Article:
The recently published Cancer Reform Strategy, which sets the direction of cancer care for the next five years, has emphasised the importance of accurate and timely cancer statistics information to plan and evaluate cancer care and prevention activity, building a world-class cancer service for NHS patients in England.

Cancer registries for many years have been the source of high quality information on incidence, mortality and survival in cancer. A recent collaborative initiative between cancer registries and Public Health Observatories in the North East of England has led to the development of a new publicly accessible interactive web-based tool called the Cancer E-Atlas.

Cancer E-Atlas is a development in the cancer health intelligence arena aiming to promote awareness and access to basic cancer statistics for the main cancer sites affecting men and women. This is the first time that cancer statistics have been published in such an accessible form for the public and patients as well as commissioners, providers, and non-executives across the NHS.

The project has involved three regional PHOs; Yorkshire and Humber, North East and East Midlands, and two cancer registries; Northern and Yorkshire Cancer Registry and Information Service and Trent Cancer Registry. Data at local authority level from both registries have been used to create the Cancer E-Atlas, which can be seen at www.yhpho.org.uk/cancere-atlas.aspx

The data have been extracted from the national Cancer Information Service which is a more detailed analytical tool accessible via NHSnet to NHS users through a registration login process.

Instant Atlas software then provides the platform to view the data in an intuitive front end. Individual local authority areas can be highlighted for the common cancer sites (both incidence and mortality) and then compared to regional, cancer network and other local authority peer areas. Trends in cancer rates can also be seen over the last ten years. Data can be filtered, for example when the viewer wants only to look at and compare local authority spearhead areas.

Figure 1 takes the example of prostate cancer and shows how even neighbouring local authority areas can have markedly different trends in diagnosis rates – in this case likely to be as a result of differing polices on the promotion of Prostate Specific Antigen testing in health communities.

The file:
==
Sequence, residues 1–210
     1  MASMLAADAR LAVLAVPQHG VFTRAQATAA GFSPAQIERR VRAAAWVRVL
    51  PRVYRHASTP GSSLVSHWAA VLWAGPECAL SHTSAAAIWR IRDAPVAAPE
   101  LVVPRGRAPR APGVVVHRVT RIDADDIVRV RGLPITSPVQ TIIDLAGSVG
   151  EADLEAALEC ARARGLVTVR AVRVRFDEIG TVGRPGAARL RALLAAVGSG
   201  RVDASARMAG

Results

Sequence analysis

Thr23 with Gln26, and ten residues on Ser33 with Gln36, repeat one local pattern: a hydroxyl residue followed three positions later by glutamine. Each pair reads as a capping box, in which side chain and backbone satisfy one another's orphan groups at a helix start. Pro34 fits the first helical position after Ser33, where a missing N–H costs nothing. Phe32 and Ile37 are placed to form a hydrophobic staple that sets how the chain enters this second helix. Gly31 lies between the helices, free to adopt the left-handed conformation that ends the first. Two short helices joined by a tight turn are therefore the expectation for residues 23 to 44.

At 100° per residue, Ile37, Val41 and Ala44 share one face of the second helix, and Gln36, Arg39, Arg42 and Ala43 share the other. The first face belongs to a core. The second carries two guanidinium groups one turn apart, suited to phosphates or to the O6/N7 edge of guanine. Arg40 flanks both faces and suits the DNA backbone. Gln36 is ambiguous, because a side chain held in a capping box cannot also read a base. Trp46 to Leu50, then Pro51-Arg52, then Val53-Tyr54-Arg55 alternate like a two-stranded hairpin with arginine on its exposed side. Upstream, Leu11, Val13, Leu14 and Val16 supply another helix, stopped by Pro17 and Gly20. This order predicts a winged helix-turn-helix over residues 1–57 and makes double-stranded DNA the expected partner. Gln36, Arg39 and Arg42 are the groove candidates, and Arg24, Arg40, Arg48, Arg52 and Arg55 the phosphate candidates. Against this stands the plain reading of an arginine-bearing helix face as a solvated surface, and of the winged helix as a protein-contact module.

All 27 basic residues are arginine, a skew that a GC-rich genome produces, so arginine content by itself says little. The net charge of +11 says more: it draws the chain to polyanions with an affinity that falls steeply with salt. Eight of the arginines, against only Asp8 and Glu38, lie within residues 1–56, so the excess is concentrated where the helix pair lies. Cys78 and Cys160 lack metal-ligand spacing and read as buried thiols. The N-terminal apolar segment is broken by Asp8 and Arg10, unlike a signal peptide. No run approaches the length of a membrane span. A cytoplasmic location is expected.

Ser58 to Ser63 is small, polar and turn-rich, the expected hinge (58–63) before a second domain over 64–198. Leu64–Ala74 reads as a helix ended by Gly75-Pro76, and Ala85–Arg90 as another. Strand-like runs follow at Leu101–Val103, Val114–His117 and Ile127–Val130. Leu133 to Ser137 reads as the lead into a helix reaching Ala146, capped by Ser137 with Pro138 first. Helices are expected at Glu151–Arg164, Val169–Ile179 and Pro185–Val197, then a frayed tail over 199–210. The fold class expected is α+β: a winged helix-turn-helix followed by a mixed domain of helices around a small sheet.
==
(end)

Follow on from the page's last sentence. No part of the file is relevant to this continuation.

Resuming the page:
For the more adventurous there is a double map option that allows you to look at the association between two different cancer sites, difference in sex or how mortality changes with increases in incidence. For instance, figure 2 looks at comparing incidence rates against mortality rates in prostate cancer. High incidence rates (horizontal axis in the box at bottom left of the picture) do not always lead to high mortality rates (vertical axis).

The end results can be printed or exported into reports as needed.

Plans are in place to develop this tool to cover all local authorities in England and also develop a sister version with data presented at cancer network level including survival statistics.

This national version will be ready by June 2008 to coincide with the launch of the new National Cancer Intelligence Network. NCIN is a key part of the Cancer Reform Strategy’s drive to improve cancer intelligence across the country and is being developed jointly by the National Cancer Research Institute and the Department of Health for England.

NCIN aims to bring together patient–level datasets and the expertise needed to provide high quality national cancer intelligence. For the first time, data from cancer registries across the country will be brought together with other NHS data about cancer patients to form a single national dataset, providing tools to improve cancer services, increase patient choice and provide a valuable research resource.

The national roll out of Cancer E-Atlas has been funded by NCIN and is one example of the kind of cancer intelligence tools that can be developed to support world class commissioning across the NHS in cancer care and prevention.

Dr Colin Pollock is medical director at the Yorkshire and Humber Public Health Observatory and medical director for the Northern and Yorkshire Cancer Registry and Information Service.